At the Almanack we don't often have the pressure of time; with the book out like clockwork every April, there's usually a reasonable period to work on those who passed away the previous year - although the sad demise of Tony Greig on December 29 a couple of years ago ruffled the team's calm a little.

But perhaps there's a drawback in not preparing anything beforehand: many's the time I've fervently wished I had spoken to the player before he took his leave, to discover more about an obviously interesting life. One such was Nigel Bennett, the man who was appointed captain of Surrey by mistake. When he died in 2008 we consulted Alec Bedser, who just nodded and termed it "the cock-up".

It seems that not long after Surrey decided to appoint a Major Leo Bennett as their first post-war skipper in 1946, Major Nigel Bennett popped in to renew his subscription. Someone in the office totted up two and two and made five, and Major Nigel was duly asked to take over as captain. This peculiar story was neatly embellished when Matthew Engel discovered that the players decided they could put up with Bennett once they clapped eyes on his wife, who was "a real cracker".

Michael Mence: bat a bit, bowl a bit, drink a bit

Michael Mence: bat a bit, bowl a bit, drink a bit © PA Photos

Michael Mence (1944-2014)
There aren't many advantages to getting older, but I suppose it's a help to obituary-writers: you're more likely to have seen the player concerned. One such, who duly appeared in the 2015 Almanack, was Michael Mence, who I met several times when I worked at Lord's after leaving school.

Mence was an old-fashioned amateur who played hard and partied harder. I remember one morning bumping into my boss, Lieutenant-Colonel John Stephenson, and thinking he looked less dapper than usual following the previous night's committee meeting. I must have raised an eyebrow because he winced: "I know. Mence. Never again."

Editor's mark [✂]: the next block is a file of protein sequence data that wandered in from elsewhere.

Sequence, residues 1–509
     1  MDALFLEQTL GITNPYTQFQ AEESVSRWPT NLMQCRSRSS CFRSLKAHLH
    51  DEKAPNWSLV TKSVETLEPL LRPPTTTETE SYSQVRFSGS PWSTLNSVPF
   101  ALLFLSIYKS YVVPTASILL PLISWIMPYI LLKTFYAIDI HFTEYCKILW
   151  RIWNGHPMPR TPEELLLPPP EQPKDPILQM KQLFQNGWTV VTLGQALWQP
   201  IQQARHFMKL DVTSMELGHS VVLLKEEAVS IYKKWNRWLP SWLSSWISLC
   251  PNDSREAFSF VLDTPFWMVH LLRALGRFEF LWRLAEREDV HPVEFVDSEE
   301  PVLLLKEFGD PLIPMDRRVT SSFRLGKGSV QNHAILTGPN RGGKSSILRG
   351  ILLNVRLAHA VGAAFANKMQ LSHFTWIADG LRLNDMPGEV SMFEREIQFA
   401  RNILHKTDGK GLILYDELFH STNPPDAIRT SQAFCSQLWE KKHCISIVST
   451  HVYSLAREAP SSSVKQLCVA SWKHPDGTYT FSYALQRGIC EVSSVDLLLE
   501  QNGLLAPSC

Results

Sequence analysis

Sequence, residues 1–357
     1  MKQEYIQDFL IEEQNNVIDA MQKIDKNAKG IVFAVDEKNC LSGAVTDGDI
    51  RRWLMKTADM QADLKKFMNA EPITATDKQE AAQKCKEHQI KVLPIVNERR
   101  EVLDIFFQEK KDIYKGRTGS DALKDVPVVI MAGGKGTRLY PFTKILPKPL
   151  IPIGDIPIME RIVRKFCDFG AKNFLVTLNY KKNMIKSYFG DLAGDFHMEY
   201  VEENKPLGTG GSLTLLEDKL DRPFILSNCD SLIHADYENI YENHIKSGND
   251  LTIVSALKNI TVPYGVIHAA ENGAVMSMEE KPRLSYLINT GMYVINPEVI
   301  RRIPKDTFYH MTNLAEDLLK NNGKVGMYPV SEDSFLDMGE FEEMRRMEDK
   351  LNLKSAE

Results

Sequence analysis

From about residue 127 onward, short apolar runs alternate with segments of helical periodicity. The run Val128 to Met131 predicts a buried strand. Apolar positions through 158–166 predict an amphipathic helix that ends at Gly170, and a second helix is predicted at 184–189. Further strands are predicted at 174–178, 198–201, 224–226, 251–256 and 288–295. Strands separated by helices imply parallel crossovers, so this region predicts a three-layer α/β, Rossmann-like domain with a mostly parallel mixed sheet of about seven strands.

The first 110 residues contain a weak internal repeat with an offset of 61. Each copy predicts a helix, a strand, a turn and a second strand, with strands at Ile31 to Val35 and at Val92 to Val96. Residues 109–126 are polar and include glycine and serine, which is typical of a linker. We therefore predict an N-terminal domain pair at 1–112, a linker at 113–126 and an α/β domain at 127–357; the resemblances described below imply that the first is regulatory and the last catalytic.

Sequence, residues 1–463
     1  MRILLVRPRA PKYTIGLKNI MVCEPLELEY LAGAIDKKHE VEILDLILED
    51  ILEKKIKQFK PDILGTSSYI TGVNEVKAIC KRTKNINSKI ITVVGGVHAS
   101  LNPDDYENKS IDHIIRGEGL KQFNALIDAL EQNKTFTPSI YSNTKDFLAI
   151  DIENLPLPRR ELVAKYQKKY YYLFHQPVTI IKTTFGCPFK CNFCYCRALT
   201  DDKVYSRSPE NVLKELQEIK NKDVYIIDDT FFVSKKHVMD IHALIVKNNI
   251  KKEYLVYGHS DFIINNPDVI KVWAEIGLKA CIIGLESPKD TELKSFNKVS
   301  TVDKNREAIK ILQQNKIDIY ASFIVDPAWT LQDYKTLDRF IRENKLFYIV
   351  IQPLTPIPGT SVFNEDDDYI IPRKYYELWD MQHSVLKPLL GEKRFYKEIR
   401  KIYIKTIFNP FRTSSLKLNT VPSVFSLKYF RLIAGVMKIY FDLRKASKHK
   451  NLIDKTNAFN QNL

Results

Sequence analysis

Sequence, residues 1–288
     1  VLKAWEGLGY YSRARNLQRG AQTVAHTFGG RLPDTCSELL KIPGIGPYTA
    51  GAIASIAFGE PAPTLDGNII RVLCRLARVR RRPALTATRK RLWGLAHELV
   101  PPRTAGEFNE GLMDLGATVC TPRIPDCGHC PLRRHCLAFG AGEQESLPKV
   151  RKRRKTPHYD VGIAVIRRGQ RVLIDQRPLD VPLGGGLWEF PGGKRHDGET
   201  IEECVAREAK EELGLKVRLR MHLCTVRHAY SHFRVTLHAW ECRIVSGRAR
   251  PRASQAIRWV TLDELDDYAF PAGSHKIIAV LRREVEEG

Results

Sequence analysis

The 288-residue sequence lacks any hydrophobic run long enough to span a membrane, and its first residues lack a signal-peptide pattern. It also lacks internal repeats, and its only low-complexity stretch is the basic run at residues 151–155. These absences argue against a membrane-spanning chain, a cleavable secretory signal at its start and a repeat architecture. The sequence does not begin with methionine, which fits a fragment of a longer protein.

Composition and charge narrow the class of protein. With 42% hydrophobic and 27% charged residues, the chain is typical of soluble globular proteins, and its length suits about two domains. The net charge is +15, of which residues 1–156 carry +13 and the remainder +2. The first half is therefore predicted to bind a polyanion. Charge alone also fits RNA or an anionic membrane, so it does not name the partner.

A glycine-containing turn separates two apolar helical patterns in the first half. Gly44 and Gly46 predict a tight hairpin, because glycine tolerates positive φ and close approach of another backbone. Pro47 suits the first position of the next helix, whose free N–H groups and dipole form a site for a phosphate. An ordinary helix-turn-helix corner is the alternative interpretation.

Don Wilson during his tenure as MCC coach, at a 1983 game

Don Wilson during his tenure as MCC coach, at a 1983 game © Getty Images

Mence had been a precocious schoolboy cricketer but played for Warwickshire and Gloucestershire without a great deal of success. He had more luck in Minor Counties cricket for Berkshire, and was also an MCC regular, especially enjoying their annual matches against Ireland and Scotland. And he was, according to MCC's annual report, probably the last player to appear at Lord's sporting a cravat - a titbit I wish I'd known before finishing the obituary. Somewhat spookily Mence passed away three days after his father (who also played for Berkshire) died in the same hospice on the Isle of Wight.

Don Wilson (1937-2012)
Someone else I knew well from my time at Lord's was Don Wilson, the Yorkshire and England slow left-armer who later became MCC's head coach. He was interesting (and occasionally infuriating) to work with, a fund of funny stories and far-fetched excuses for why he hadn't quite managed to do what he'd been asked.

But most of the time he was riotous company, so I was sad when I heard he had succumbed to emphysema in 2012. And, after a week in which very little seemed to have been written about him, I jotted down some memories of "Wils", which seemed to go down well.

Steven Lynch is the editor of the Wisden Guide to International Cricket 2014